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There are several wide viewpoint areas on the climb.
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As you climb you’ll be able to see into the Coachella Valley to the east.
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Keep hiking uphill. The trail is well-marked.
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At about 3.5 miles you’ll crest the summit. From here you have panoramic views from the Salton Sea to the high peaks of SoCal.
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Continue over the crest.
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And now start the long downhill through a grove of teddy bear cholla and barrel cacti. The trail follows Devil Canyon, which is ahead.
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The descent gets more gradual as you continue.
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You’ll cross through several washes, all of which are well-marked.
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Soon you’ll approach lower Devil Canyon.
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And then you’ll see the other large Boo Hoff Trail sign around 6.4 miles in.
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After the sign we just follow the wash downhill.
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Pass through the wilderness area signs.
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Here’s the sign at that last photo, looking backward.
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Now we just follow the wide sand road (still technically the Boo Hoff Trail) downhill. Stay straight on the main road.
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There’s still the occasional “Boo Hoff Trail” marker along the way as the road winds to the left.
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At the bottom you’ll reach the wall around the residences of “The Quarry at La Quinta,” considered one of the best golf courses in the area. As you might guess from the many security cameras along the wall, the area is “members only.”
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The road turns left and comes up to the paved road.
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Once you come up to the paved road, take the road to the right, Jefferson St.
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This is the least-fun section of the hike, but it’s not too long. Follow along Jefferson St.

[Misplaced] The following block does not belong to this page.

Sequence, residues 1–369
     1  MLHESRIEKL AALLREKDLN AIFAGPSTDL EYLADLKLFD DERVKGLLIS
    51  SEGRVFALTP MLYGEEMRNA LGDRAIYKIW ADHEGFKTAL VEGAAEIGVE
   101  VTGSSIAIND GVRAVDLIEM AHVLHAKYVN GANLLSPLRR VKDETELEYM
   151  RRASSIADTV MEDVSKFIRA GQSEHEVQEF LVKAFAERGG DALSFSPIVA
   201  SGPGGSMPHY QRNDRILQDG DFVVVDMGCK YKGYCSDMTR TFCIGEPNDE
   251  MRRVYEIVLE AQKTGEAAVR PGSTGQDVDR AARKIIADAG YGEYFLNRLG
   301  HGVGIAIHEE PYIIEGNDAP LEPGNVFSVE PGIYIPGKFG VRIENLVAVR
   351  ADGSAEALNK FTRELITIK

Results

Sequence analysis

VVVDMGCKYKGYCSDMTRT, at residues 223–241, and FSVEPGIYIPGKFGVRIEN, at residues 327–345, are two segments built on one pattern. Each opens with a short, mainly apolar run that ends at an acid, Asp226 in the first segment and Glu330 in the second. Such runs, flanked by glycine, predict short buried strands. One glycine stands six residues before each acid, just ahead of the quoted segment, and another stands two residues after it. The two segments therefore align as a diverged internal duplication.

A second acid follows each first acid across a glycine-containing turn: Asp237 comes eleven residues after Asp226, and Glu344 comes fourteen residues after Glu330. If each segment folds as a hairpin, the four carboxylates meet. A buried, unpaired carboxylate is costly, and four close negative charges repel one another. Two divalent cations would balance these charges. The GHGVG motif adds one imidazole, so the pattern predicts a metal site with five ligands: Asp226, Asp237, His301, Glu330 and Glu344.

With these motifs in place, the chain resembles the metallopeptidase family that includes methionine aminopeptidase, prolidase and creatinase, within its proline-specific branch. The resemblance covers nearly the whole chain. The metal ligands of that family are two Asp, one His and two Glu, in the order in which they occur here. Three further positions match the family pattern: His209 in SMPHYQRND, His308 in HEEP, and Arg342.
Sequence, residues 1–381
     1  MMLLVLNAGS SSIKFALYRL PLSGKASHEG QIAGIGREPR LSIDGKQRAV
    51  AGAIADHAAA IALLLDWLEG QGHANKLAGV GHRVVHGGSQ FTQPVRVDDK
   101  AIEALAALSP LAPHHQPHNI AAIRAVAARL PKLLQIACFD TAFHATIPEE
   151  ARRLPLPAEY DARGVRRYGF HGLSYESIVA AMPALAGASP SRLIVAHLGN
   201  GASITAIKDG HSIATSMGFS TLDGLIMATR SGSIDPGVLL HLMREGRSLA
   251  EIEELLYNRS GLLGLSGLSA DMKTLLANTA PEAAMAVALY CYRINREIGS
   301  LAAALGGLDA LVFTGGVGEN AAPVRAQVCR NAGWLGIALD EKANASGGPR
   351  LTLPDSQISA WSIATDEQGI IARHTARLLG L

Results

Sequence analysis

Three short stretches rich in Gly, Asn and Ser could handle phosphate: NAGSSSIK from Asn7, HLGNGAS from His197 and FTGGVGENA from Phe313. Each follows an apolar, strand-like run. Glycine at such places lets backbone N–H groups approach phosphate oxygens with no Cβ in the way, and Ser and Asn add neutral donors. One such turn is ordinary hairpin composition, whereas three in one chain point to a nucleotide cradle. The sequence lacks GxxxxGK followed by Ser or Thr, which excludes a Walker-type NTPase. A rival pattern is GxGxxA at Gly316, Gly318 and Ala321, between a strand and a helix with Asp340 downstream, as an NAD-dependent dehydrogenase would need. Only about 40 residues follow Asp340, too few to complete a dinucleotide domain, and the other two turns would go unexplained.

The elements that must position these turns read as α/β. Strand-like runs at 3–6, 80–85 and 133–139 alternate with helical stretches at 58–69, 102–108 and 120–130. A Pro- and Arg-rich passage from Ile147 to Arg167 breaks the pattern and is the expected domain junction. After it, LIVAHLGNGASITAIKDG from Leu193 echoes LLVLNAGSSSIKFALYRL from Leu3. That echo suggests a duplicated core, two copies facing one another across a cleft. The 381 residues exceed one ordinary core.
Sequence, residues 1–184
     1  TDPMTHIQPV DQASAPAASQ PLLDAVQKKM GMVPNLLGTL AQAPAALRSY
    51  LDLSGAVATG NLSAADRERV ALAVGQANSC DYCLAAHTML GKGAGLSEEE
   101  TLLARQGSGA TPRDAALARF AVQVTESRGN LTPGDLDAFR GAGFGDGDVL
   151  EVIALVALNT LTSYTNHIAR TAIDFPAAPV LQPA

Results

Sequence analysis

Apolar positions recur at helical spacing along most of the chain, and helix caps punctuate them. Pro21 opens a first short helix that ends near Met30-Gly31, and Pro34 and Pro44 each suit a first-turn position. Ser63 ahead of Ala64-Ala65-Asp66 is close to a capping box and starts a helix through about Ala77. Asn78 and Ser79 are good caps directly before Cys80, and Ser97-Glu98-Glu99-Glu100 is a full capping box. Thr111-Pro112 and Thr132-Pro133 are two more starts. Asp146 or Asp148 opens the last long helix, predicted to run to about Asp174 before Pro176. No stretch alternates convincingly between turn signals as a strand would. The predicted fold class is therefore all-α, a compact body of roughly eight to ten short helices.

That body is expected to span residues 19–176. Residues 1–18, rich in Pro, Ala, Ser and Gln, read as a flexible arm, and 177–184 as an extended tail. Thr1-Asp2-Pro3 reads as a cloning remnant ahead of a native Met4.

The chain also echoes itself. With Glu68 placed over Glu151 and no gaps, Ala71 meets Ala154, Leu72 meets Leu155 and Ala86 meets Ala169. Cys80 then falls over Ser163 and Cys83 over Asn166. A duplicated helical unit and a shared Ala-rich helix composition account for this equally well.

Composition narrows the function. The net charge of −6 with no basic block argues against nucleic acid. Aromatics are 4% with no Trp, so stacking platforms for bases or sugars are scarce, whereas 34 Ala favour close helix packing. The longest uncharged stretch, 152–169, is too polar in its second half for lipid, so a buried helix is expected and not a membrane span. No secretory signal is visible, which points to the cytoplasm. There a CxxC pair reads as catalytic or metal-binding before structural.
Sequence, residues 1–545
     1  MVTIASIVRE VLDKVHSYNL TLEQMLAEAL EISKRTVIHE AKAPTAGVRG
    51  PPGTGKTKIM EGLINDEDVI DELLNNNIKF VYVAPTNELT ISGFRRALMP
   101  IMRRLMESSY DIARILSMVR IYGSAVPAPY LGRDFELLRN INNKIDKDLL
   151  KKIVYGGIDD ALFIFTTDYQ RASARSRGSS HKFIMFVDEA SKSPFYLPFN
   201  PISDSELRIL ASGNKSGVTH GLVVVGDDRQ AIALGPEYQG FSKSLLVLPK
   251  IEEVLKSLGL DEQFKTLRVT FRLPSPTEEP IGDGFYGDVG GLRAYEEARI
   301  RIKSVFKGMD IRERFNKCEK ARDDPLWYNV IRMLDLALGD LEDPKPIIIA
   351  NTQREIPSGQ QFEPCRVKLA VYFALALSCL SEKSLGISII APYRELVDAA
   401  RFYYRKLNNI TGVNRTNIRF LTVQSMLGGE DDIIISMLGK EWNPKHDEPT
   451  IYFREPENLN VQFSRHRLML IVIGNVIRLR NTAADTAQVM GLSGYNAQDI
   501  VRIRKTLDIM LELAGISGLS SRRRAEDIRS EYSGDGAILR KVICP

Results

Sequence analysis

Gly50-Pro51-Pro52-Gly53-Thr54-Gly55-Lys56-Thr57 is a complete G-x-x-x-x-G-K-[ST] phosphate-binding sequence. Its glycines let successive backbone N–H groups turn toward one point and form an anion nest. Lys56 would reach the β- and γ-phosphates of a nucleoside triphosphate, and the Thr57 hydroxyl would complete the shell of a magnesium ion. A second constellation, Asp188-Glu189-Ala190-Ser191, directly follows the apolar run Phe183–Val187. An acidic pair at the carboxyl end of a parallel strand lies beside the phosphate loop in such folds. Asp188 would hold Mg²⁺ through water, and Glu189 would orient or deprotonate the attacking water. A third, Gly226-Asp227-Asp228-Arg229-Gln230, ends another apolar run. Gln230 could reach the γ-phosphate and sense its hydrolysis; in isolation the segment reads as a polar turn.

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When you get to the gates of Lake Cahuilla Park, take the sandy trail to the left.
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Follow the trail straight along the residences on the left.
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Look back for nice views of Lake Cahuilla.
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Keep straight past the trail sign.
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And follow the markers for the Cove to Lake Trail, which we’ll be taking back to the start.
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The trail climbs out of the wash.
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And you’ll hike along the Tom Fazio designed “The Quarry at La Quinta” golf course.

Golf Digest has rated the golf course here as one of “America’s 100 Greatest” every year since the list started in 1994. The course is limited to only 250 members at a time. The course was built on top of the old quarry known as “Keller Pit.”

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You’ll descend into the wash along the course.
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And then climb back out.
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The area above the course here is especially beautiful.
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Then look for the (easy to miss) turnoff to descend back into the wash.
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Follow the wash uphill.
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The Cove to Lake trail is well-marked along the wash.
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At the head of the canyon, start the climb up the steeper slope.
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If this is a longer hike for you, this last climb can be tough after the earlier efforts.
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Look back for nice views into the canyon you just ascended.
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At the top of the climb you’ll see the Cove Trailhead in the distance.
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Descend into the wash and follow the trail signs.
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Soon you’ll reach the junction where you entered the area. Make the right back up the berm to retrace your steps to the start.
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Retrace your earlier steps back to the Cove Trailhead. That’s it!

This guide last updated on April 24, 2022. Did something change on this hike? If so, please contact me and let me know. I'll update the guide.